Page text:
As part of the awareness campaign,  Tali Hoffman will give two presentations : “Primate Neighbours:  managing man and monkey on the interface of urban and wild” at 10:30am on Wednesdays 24th and 31st August.   Following the talk on the 31st of August, Jacky Folley, the museum curator will give a tour of the house highlighting the historic aspects of the building and the art collection.  For further enquiries and bookings phone  021 786 2274.

 

Local Ward Councillor Simon Leill-Cock opening address at  Liz’s exhibition was as moving as her images:

 

This exhibition is really about a Fabergé egg: a jewel encrusted jewel inside a jewel inside the Egg – South Africa, the Western Cape, the Cape Peninsula and finally the Scenic South with its baboons, penguins, leopard toads, whales, wetlands, fynbos, beaches and mountains.

It’s also about some lost jewels – Vaal Rhebuck, wetlands and Strandlopers.

 

Today was one of those extraordinarily beautiful days when the winter sun shines a crystal clear light on the precious jewel that is the Scenic South Peninsula. On days like this my breath catches in my chest when I crest the Silvermine Mountains and see the sun rising over the distant mountains across the bay, when I see the sweep of white sand curving away into the distance and when I smell the fynbos wet with dew – tears of enduring wonder well up behind my eyes.

I have the privilege of being the Ward Councillor for Ward 61. It is a very daunting position to be in – being responsible for the final jewels inside the Fabergé egg.

 

As a child I spent my summer holidays wandering around the farms in Noordhoek – it was a magical world to be child in “a world with dew still on it. More touched by wonder and possibility than any I have since known” – Norman Maclean.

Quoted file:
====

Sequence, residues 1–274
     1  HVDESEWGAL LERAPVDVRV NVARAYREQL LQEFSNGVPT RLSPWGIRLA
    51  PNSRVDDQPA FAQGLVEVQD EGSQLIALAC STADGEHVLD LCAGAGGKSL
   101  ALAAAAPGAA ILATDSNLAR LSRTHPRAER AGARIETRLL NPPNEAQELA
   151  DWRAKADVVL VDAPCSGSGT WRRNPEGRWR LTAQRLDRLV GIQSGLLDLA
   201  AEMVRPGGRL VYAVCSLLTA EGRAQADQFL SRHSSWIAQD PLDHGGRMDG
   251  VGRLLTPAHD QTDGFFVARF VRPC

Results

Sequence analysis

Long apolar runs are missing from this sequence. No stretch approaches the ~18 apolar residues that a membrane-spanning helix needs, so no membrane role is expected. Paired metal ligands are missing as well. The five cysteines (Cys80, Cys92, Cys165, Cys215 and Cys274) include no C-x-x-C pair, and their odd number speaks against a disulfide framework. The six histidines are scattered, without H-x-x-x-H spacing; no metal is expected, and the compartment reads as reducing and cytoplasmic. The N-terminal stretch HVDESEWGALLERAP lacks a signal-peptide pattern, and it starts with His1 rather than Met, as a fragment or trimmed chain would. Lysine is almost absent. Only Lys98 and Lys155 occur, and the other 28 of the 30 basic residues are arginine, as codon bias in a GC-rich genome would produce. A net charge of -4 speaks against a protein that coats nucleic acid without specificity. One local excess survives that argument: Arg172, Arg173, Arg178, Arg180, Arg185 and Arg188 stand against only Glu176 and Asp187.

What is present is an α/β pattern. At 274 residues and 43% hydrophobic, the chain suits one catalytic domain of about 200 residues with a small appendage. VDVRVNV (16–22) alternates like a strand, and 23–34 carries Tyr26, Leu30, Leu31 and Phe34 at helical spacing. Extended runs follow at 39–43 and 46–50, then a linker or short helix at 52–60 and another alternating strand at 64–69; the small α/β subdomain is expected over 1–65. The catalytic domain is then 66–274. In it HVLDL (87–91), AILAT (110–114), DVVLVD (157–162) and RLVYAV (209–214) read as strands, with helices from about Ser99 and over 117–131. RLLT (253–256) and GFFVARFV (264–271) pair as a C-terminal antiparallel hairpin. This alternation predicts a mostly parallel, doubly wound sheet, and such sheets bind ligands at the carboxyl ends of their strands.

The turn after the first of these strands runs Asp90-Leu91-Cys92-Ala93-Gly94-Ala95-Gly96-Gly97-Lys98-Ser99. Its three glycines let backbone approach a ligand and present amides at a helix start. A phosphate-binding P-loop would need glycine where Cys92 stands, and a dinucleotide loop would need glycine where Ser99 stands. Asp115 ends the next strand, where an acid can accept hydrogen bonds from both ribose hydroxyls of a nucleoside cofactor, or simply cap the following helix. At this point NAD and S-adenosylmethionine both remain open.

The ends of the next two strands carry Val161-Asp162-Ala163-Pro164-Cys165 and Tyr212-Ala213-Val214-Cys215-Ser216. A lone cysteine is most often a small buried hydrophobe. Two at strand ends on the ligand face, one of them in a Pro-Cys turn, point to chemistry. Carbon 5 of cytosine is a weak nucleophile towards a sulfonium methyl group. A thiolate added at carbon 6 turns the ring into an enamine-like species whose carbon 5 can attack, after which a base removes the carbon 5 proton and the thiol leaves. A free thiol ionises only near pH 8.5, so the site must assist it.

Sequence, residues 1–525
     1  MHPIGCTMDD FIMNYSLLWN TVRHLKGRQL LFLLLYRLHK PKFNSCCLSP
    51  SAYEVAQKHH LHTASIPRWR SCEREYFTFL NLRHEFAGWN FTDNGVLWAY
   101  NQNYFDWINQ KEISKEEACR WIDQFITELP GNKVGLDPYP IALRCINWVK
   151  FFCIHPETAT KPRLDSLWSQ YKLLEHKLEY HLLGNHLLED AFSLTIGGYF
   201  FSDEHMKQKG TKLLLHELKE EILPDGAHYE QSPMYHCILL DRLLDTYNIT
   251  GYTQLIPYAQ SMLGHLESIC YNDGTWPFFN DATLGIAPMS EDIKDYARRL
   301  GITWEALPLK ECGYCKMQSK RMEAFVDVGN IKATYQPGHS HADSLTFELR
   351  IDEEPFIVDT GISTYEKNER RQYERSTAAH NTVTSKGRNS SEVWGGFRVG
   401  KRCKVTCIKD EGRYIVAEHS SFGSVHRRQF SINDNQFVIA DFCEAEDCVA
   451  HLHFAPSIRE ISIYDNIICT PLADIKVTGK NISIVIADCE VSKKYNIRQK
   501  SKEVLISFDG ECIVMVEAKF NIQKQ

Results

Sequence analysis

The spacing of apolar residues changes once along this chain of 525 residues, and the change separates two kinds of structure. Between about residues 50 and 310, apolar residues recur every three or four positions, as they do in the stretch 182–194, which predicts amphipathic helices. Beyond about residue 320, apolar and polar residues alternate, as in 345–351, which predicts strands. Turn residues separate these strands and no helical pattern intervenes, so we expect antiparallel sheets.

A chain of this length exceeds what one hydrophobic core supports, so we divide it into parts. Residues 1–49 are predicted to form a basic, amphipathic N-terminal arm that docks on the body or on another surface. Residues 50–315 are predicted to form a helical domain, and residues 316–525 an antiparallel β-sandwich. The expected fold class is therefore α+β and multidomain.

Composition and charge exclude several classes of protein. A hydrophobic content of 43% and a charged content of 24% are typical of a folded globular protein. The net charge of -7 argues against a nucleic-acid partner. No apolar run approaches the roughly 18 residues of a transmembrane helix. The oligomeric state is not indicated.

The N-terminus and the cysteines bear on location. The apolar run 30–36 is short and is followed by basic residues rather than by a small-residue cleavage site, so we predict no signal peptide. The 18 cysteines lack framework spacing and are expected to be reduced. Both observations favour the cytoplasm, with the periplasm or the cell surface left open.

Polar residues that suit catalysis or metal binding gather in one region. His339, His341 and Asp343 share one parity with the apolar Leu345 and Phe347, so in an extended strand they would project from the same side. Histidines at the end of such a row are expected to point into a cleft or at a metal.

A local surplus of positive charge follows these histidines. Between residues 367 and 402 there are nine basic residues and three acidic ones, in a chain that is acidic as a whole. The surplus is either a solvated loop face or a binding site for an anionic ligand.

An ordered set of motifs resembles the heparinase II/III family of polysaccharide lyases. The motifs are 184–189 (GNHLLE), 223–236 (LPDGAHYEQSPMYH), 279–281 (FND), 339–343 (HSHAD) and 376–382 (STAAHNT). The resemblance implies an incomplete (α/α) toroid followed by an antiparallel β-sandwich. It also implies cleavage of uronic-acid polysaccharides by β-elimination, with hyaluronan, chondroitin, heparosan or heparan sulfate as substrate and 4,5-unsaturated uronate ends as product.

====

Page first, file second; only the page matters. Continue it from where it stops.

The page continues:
When Governor van Imhoff visited the Cape in 1743, he granted the farm Poespaskraal or “hotchpotch place” to Carel Georg Wieser. Wieser built a hunting lodge here at the foot of the Roodeberg Mountain next to a natural spring. The homestead was a simple T-shaped, thatched dwelling, built with clay and local sandstone and painted with lime wash.

The area was abundant with wildlife, pristine fynbos and indigenous forest and Vaal Rhebuck were hunted in abundance.

We can imagine that the strandlopers still frequented the area moving from “Skildersgat” (now known as Peers Cave), to forage on the seashores.

In my childhood things had not changed that much since 1743 – the Strandlopers were gone but the Vaal Rhebuck were still living on the slopes of the Roodeberg, the local farmers still ploughed their lands behind horses, the baboons still lived in the mountains and children still drank water from the natural springs that welled up form the sandy soil.

What is the status of our jewel today?

We are surrounded by unparalleled natural beauty – stunningly beautiful beaches and sea shores, mountains and valleys, dunes and wetlands.

 

We live inside a World Heritage Site that has the richest biodiversity in the world.

We live cheek by jowl with untamed creatures both inside and outside of the Table Mountain National Park, with whales, great white sharks, seals, penguins and baboons.

 

And of course we live with our fellow people who have caused great changes over the past 20 years:

  • ·         The Vaal Rhebuck have gone from the slopes of the Roodeberg – killed by “tame” suburban dogs,